Interaction and action is the last feature that characterizes IoT by helping to define its core, which entails information sharing and connection (El-Hajj et al., 2017). It is important to note that not all data from the related items is just produced to be stored and forgotten, instead, it has to be utilized in something useful.

However, the global internet’s resilience and security are riddled with poorly secured online connected devices, thereby putting the lives of many users at risk. The mass-scale rollout of different homogeneous IoT brands on the market also magnifies the security issues of digitally connected devices, particularly those that can automatically connect to others without consumers’ consent. It is, therefore, essential for the users and IoT systems and devices developers to collectively ensure that the internet and the users of such components are not exposed (Delaney & O’Hare, 2016). A collective approach is also required for safety, especially in developing appropriate and practical solutions that address the IoT challenges.

How IoT Can Be Implemented

When compared to the industrial revolution, there is no doubt that IoT digital technology is more significant. It is touted as the most palpable consequence of the fourth industrial revolution in its early stages (Delaney & O’Hare, 2016). Like in other past revolutions, those professionals and businesses that will adopt the IoT in their operations are more likely to have a strong competitive edge in the coming decades. Therefore, professionals and companies must know how to implement new technology and understand why they are implementing it (Antony et al., 2020). Knowing the rationale for adopting the technology would ensure the deployment enhances company operations in a manner that reimburses expenditure and offers the prospect of greater cost-effectiveness.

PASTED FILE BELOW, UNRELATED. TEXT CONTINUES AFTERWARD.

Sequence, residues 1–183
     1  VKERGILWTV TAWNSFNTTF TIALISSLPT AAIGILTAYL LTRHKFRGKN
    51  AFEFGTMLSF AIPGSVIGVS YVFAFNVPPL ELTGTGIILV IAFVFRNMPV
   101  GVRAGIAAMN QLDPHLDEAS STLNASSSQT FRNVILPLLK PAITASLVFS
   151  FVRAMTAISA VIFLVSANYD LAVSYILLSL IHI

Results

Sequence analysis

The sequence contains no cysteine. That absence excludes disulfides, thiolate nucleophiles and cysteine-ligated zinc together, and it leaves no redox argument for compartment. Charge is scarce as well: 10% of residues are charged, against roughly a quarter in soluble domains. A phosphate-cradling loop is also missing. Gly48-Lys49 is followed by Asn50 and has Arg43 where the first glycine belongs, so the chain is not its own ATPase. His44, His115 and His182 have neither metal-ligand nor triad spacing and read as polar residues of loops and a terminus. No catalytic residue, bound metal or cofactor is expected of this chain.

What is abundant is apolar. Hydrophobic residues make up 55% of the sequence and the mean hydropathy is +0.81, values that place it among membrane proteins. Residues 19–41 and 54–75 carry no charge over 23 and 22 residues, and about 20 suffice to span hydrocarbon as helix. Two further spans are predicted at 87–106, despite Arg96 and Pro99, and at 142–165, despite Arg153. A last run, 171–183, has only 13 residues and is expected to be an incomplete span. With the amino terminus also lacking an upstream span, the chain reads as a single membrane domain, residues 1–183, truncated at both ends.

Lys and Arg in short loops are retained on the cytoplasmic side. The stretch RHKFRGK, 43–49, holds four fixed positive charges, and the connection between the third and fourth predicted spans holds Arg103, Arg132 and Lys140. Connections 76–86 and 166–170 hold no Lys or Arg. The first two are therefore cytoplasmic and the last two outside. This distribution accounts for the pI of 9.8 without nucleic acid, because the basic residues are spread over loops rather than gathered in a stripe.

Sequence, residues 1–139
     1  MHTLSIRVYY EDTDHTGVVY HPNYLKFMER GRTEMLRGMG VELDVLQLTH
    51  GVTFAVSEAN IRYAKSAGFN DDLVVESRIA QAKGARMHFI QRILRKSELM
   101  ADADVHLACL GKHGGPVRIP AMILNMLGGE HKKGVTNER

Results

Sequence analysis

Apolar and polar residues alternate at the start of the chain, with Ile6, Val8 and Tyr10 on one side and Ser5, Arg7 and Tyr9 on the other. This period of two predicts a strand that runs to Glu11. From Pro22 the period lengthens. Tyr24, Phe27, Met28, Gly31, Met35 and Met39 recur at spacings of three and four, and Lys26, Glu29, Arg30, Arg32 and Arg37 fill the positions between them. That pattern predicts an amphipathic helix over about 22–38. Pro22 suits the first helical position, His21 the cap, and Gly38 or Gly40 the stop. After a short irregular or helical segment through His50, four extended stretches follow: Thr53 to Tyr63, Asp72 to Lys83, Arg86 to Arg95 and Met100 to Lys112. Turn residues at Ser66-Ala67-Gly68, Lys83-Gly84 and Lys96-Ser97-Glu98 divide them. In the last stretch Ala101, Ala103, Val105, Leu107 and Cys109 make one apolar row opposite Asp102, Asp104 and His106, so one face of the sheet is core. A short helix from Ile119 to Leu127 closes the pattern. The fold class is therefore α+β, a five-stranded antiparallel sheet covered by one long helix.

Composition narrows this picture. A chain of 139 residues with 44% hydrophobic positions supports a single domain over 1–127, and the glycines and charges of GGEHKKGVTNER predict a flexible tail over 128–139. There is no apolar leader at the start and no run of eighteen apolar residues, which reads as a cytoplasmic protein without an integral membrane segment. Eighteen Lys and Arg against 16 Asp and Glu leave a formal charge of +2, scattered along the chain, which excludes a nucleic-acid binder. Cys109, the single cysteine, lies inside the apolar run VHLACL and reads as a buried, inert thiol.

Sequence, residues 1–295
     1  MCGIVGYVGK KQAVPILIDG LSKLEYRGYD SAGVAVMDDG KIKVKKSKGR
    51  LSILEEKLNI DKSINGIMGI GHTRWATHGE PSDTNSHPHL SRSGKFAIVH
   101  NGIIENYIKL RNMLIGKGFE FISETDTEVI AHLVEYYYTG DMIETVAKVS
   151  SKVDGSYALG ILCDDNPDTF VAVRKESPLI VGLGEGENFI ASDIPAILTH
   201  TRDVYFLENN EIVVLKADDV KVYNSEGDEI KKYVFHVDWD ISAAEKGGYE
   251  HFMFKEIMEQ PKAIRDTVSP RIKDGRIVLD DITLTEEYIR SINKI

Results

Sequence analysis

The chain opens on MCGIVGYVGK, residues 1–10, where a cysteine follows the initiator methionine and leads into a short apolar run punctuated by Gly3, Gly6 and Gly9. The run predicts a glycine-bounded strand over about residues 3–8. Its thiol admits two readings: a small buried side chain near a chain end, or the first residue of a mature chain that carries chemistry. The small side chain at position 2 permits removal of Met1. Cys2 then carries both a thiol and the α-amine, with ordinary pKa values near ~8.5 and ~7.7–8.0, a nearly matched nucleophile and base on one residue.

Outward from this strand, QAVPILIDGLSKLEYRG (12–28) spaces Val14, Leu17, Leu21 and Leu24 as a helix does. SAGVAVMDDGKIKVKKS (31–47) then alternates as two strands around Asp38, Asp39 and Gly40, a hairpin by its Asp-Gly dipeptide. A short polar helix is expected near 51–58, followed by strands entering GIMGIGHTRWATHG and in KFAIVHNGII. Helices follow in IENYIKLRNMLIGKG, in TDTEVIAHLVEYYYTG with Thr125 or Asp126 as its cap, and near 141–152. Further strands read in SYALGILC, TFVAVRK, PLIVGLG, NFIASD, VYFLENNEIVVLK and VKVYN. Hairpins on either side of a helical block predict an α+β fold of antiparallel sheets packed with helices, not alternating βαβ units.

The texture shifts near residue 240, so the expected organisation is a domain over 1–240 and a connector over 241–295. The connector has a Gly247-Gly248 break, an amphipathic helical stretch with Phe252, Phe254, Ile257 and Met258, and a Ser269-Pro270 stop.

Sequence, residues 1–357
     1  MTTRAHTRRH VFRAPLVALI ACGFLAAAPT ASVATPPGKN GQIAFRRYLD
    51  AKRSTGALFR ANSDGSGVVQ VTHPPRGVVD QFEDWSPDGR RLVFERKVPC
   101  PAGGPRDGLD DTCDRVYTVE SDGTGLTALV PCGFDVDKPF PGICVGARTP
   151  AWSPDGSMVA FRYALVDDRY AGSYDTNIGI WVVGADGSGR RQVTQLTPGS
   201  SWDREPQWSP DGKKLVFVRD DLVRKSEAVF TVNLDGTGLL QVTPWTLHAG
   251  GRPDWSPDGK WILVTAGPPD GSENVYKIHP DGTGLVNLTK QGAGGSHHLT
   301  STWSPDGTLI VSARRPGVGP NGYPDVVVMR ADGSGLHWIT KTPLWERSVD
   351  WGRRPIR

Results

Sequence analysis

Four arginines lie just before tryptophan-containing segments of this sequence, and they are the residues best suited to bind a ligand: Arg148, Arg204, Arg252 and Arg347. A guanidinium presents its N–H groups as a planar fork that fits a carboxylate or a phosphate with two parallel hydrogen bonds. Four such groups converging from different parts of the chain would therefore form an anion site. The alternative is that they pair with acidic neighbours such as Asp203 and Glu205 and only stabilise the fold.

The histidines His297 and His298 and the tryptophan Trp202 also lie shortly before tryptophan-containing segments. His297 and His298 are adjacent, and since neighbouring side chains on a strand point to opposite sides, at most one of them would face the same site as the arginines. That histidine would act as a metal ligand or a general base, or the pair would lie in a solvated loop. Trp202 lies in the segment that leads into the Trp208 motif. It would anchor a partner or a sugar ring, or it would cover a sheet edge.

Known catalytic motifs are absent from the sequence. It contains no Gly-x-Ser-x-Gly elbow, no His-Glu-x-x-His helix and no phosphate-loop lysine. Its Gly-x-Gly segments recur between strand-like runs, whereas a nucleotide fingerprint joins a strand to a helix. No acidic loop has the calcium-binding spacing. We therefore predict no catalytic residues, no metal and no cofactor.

Some of the steps that should be followed in the successful Implementation include a clear set of objectives, which entails reaching out to experts, specialists, and engineers. It is especially critical if one does not know to define the problem being solved, what is to be achieved, and the best way to reach the objectives. The second step is to peruse through some of the successfully tested IoT cases (Yoon et al., 2018). After determining the specific goals that need to be achieved, any individual or organization must then identify where the identified problems fall within some of the areas where the IoT has been successfully implemented (Delaney & O’Hare, 2016). For example, in smallholder farms, one may wish to use IoT in environmental monitoring by gathering data about temperature, humidity, water quality, soil humidity, and pollution.

The decision on the correct hardware to use is the third step that must be considered during the IoT implementation. After deciding to adopt IoT, one must establish the kind of hardware in terms of the asset or device that should be integrated into the network (Chang et al., 2019). In the most basic form, the hardware may consist of sensors that provide data about vision, weight, pressure, temperature, color, sound, volume, among other things that must be sent somewhere, possibly a central server over the internet (Paul Antony et al., 2020). Other items that may be considered are actuators and edge computers, depending on what needs to be achieved.